OPINION: The ubiquity of electronically stored information, such as email, has created an increased risk that material exempt from discovery due to client legal privilege will not be properly protected.
Consequently the cost and burden of performing a comprehensive review to identify privileged documents is significant.
If the process of discovery, with the necessary inclusion of a privilege review, is to proceed efficiently there must be innovation in the law which allows for the protection of the privilege without exorbitant cost. The High Court's decision last week in a case known as Expense Reduction Analysts Group Pty Ltd v Armstrong Strategic Management and Marketing Pty Limited offers an opportunity for a more streamlined approach to privilege review.
Before ESI, there was a general expectation that every potentially relevant document would be reviewed for privilege before its discovery. This approach is impossible in many large cases. As a result, it is becoming increasingly necessary for legal practitioners to rely on technology to identify potentially privileged documents. However, available technological solutions are not fool-proof and errors can occur.
The US introduced Rule 502 of the Federal Rules of Evidence to reduce the burden of a privilege review by encouraging the front-end agreement between the parties as to an accepted review procedure.
Two main types of procedure have been used. One is a "quick peek" agreement whereby the responding party makes potentially relevant information available to their opponent for review; the opponent identifies relevant information; and the responding party then conducts a privilege review of the identified information only.
Another arrangement is referred to as a "claw back" agreement where the parties agree to produce material in the usual manner without any intention that privilege be waived.
If a privileged document is inadvertently produced it is returned and cannot be used in the litigation. However, there must be a federal court order endorsing the agreement for the parties to take comfort that such procedures will not result in waiver.
The Supreme Court of NSW has adopted practice notes that direct the parties to consider whether ESI is to be discovered on an agreed without prejudice basis so as to avoid the need to go through the information in detail to categorise it into privileged and non-privileged information; and without prejudice to an entitlement to subsequently claim privilege over any information that has been discovered.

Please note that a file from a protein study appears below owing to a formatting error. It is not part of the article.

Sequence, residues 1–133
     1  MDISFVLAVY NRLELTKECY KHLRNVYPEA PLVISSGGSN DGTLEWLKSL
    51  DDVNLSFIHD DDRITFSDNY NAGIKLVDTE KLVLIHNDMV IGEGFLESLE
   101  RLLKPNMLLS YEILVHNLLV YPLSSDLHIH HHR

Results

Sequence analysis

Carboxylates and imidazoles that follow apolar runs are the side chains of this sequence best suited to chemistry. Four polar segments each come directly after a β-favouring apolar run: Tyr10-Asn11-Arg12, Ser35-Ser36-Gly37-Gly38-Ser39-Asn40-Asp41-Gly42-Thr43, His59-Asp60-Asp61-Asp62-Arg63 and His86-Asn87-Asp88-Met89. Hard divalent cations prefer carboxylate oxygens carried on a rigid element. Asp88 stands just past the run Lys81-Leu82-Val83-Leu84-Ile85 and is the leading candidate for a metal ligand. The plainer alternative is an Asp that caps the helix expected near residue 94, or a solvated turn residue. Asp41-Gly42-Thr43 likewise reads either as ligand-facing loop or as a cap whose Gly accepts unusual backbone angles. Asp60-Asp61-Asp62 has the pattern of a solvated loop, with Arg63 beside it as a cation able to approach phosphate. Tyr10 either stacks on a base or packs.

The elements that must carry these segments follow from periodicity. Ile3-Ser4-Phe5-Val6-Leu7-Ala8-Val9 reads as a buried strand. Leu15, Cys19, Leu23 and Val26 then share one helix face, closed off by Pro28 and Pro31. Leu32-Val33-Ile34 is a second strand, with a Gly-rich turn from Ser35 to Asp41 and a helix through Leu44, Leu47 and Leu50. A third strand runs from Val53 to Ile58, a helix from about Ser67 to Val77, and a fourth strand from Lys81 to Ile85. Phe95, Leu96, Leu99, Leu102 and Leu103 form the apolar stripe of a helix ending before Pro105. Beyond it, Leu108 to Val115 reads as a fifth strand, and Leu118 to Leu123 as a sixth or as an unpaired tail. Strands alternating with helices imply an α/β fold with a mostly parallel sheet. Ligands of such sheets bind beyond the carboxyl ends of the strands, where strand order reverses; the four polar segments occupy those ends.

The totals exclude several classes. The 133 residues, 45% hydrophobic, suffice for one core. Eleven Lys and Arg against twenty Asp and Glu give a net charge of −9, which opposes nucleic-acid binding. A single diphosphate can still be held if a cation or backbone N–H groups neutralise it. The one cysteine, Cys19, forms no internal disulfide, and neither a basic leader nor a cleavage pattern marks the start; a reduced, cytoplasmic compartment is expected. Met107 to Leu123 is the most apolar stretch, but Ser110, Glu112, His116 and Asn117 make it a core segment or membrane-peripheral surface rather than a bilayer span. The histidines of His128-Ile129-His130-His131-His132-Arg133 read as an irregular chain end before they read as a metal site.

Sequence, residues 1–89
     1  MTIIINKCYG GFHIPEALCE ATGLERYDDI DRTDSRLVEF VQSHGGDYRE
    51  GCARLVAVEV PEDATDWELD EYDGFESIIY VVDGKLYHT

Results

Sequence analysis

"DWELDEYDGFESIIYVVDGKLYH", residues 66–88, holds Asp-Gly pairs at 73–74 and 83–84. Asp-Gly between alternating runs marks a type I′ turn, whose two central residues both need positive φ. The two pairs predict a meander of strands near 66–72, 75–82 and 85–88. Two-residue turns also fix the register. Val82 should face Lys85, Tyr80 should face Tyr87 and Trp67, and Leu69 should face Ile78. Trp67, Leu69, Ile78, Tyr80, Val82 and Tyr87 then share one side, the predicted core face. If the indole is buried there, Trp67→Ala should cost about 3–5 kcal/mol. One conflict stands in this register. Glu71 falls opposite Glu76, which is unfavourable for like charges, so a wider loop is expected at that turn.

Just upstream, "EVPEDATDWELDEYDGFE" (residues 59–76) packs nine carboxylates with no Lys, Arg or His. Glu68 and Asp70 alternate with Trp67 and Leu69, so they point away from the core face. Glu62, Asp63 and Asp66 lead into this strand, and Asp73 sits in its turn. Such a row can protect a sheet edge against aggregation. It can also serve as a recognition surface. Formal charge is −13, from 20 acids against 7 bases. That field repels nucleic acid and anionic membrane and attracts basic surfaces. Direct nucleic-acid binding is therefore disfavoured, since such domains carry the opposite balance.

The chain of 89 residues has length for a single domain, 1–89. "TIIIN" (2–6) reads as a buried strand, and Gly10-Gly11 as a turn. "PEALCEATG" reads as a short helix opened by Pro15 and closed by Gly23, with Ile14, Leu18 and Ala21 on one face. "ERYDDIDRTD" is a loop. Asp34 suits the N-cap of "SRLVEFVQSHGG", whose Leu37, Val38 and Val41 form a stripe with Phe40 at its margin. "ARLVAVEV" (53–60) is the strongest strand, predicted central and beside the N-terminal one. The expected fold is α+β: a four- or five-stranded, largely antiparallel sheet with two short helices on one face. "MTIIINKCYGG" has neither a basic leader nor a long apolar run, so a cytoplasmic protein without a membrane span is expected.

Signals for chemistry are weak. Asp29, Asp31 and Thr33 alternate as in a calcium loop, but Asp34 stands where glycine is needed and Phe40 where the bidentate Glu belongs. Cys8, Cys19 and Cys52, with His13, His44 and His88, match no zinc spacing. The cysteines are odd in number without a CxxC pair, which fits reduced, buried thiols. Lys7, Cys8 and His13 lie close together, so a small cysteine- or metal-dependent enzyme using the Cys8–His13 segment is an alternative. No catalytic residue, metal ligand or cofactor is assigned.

The Supreme Court's innovation would seem to encourage claw back and quick peek agreements as well as other approaches that sought to promote an efficient privilege review.
The problem with the Supreme Court approach is that lawyers have been reluctant to use the procedures for fear of losing privilege through waiver.
In the Expense Reduction case the High Court found that the mistaken disclosure of privileged documents did not raise the prospect of waiver and the documents should have been returned.
The High Court relied on discovery being subject to regulation by the court - parties have the right to bring proceedings in the court, but "the conduct of those proceedings is firmly in the hands of the court".
Moreover, the overriding purpose of facilitating "the just, quick and cheap resolution of the real issues" in the dispute applied to the process of discovery.
It is a small step to go from avoiding satellite litigation when privileged documents are mistakenly disclosed in the discovery process to adopting a privilege review process at the front-end that facilitates the resolution of the real issues in the dispute.
The High Court's reasoning demonstrates that the Supreme Court has adequate powers to deal with inadvertent disclosure, and is given guidance as to how such an occurrence should be dealt with by reference to the overriding purpose.
Facilitation of an efficient review of privileged documents is clearly a matter for case management.
Australian courts should require the parties to agree on an approach to privilege review, such as a claw back or quick peek agreement and specify how inadvertent disclosure of privileged documents is to be addressed.
A case management conference with a judge or registrar present may be the best way to facilitate the necessary discussion.
On the basis of the High Court's reasoning no issue of waiver of privilege should apply as the parties will specify clearly in the without prejudice agreement that they do not intend to waive privilege and further, the agreement is aimed at facilitating an efficient process for claiming privilege so that no inconsistency with the privilege will arise.
Any mistaken provision of a privileged document (by human or machine) can be addressed by agreeing beforehand that confidentiality over the document is to be maintained, no use of the document is permitted and the prompt return of such documents is required.
The US approach of adopting rules of evidence would seem to be unnecessary as Australian courts' case management powers are sufficient for dealing with the issue. The cost of discovery could be reduced while maintaining the important immunity provided by client legal privilege.
Michael Legg is an Associate Professor in the Centre for Law, Markets and Regulation at UNSW.
This opinion piece was first published in The Australian.